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Responding to a Call for a More Genteel Approach on Gay Rights

In a thread on AMERICAblog, I was taken to task by a self identified 75 year old gay man who suggested that my comment that we need to “hammer” our friends was the wrong approach to winning our civil rights.  Here was my response. 
I feel the need to correct some erroneous observations you made, particularly with respect to Massachusetts. As someone involved in that process directly, I can tell you that we did, indeed, hammer our friends on a daily basis to get them to stand up and do what is right. Politicians by nature are a cautious bunch, and rarely will do something simply because it is the right thing to do (wish that were not the case). They do things because they are forced to do them, either through incessant political pressure, or by constant harping. Occasionally, the right thing and their actions coincide.

In Massachusetts, particularly with respect to the vote to kill the anti-marriage amendment, it took an enormous amount of political pressure from gay and straight people to persuade legislators that “let the people vote” – a tempting way to avoid controversy — was not politically expedient for them to do. That measure on the ballot would have drained resources from their coffers, as all the gay and most of the progressive money would have gone there, and not to them. So, they voted in their own interest to stop the amendment, and it also happened to be the right thing to do.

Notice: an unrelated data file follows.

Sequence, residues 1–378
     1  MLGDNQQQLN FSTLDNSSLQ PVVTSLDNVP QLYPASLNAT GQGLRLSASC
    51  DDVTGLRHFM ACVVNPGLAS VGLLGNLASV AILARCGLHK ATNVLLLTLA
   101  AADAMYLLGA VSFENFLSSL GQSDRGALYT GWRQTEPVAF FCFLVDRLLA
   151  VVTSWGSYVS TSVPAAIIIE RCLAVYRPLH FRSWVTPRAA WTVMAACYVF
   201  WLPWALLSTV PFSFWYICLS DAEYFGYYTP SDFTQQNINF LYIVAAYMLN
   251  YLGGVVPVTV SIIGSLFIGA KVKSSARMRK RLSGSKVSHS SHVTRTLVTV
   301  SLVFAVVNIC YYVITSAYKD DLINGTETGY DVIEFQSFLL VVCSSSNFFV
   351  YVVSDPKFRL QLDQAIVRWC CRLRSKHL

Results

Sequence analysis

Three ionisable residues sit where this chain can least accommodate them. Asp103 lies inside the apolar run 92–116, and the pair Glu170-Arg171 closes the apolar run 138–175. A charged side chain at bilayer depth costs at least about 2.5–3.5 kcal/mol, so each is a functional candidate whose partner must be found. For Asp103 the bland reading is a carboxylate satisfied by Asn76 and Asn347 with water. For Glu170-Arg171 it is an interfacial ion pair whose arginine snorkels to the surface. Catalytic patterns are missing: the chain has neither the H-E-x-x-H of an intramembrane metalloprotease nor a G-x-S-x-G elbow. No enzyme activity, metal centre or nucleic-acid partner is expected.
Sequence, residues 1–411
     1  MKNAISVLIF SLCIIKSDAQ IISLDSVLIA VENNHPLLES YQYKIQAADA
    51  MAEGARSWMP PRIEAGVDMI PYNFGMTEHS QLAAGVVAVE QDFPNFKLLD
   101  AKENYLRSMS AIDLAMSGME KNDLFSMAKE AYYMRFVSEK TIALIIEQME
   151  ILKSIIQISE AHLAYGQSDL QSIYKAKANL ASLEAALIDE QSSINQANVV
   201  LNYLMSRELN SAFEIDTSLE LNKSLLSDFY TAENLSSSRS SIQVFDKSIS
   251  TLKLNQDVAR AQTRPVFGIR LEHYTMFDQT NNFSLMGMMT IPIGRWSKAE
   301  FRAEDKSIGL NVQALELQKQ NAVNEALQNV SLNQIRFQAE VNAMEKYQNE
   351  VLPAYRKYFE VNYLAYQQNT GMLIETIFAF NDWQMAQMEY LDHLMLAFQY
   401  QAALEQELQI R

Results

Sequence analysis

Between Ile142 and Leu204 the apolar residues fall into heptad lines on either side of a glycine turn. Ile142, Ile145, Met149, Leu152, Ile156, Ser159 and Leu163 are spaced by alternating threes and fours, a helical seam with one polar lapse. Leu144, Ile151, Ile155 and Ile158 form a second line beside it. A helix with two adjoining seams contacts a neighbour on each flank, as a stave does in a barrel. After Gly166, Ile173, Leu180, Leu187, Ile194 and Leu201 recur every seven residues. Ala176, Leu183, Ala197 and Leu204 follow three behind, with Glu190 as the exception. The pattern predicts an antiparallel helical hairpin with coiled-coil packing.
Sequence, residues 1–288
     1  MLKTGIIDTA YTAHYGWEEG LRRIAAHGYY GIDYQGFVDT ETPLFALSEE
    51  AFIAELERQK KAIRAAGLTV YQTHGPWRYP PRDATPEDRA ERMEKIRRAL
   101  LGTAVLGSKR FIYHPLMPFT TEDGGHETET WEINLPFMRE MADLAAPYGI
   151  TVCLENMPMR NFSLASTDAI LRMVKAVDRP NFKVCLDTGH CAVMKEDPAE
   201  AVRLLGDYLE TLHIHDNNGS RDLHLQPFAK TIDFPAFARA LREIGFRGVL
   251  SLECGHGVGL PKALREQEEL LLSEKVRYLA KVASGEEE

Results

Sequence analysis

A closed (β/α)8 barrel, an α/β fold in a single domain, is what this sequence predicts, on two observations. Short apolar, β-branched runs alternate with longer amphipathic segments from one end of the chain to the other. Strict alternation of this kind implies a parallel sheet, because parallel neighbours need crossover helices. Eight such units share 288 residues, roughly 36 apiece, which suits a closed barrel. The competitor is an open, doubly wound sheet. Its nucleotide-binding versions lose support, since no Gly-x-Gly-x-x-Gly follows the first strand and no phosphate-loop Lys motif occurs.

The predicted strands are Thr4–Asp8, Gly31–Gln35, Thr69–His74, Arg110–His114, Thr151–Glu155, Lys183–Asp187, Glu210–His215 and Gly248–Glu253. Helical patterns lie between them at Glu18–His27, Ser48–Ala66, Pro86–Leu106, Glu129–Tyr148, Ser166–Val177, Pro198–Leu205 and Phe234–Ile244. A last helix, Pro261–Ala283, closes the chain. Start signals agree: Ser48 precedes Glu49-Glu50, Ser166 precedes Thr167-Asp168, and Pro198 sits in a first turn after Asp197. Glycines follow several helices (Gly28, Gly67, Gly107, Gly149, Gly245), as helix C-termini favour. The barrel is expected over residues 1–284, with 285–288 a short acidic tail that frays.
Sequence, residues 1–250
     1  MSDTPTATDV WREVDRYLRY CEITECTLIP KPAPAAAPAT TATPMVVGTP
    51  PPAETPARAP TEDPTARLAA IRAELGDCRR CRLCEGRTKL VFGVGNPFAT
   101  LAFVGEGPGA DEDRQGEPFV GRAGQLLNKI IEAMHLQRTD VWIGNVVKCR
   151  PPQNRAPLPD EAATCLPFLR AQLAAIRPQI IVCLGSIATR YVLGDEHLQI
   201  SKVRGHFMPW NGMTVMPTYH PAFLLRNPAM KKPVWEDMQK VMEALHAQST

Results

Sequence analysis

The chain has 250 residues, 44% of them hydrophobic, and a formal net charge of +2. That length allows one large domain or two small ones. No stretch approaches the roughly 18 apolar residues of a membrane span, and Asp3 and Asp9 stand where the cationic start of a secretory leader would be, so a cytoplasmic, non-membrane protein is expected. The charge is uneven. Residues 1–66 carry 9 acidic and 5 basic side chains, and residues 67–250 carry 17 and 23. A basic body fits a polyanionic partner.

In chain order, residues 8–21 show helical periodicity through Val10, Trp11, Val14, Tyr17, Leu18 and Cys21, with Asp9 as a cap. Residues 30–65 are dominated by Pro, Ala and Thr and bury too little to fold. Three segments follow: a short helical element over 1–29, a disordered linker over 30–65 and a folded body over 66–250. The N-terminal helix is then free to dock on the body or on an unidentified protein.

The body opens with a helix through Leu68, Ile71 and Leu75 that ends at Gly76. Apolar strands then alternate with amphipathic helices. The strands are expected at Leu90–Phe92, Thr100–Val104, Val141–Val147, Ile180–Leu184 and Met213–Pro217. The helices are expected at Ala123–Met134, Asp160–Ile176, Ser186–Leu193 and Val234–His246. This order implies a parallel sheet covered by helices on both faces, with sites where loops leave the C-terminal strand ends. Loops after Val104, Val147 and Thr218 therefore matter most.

To achieve political success, you must understand and appreciate the motives of the political animal, and feed them accordingly. In our system money speaks. Period. Every battle we take on has a money side, which is the pressure point we need to apply. That is why the DNC fiundraiser is so important, and that is why when activists starting to focus their anger on that pressure point, the Administration began its admittedly half-hearted campaign to win us back. So, yes, we must hammer our friends, repeatedly, if we are to win.

I am pleased you have lived to see same sex marriage. It was because of folks like the Mattachine Society, and the Stonewall queens, and the various organizations that fought for our early victories, that I can be, and have been, an openly gay professional my entire career. But new days call for new tactics, and we need to be deft enought to recognize and employ them. These blogs, the grass roots efforts, the protests, etc. are the new Stonewall.

It is not gentile or polite. It is politics.

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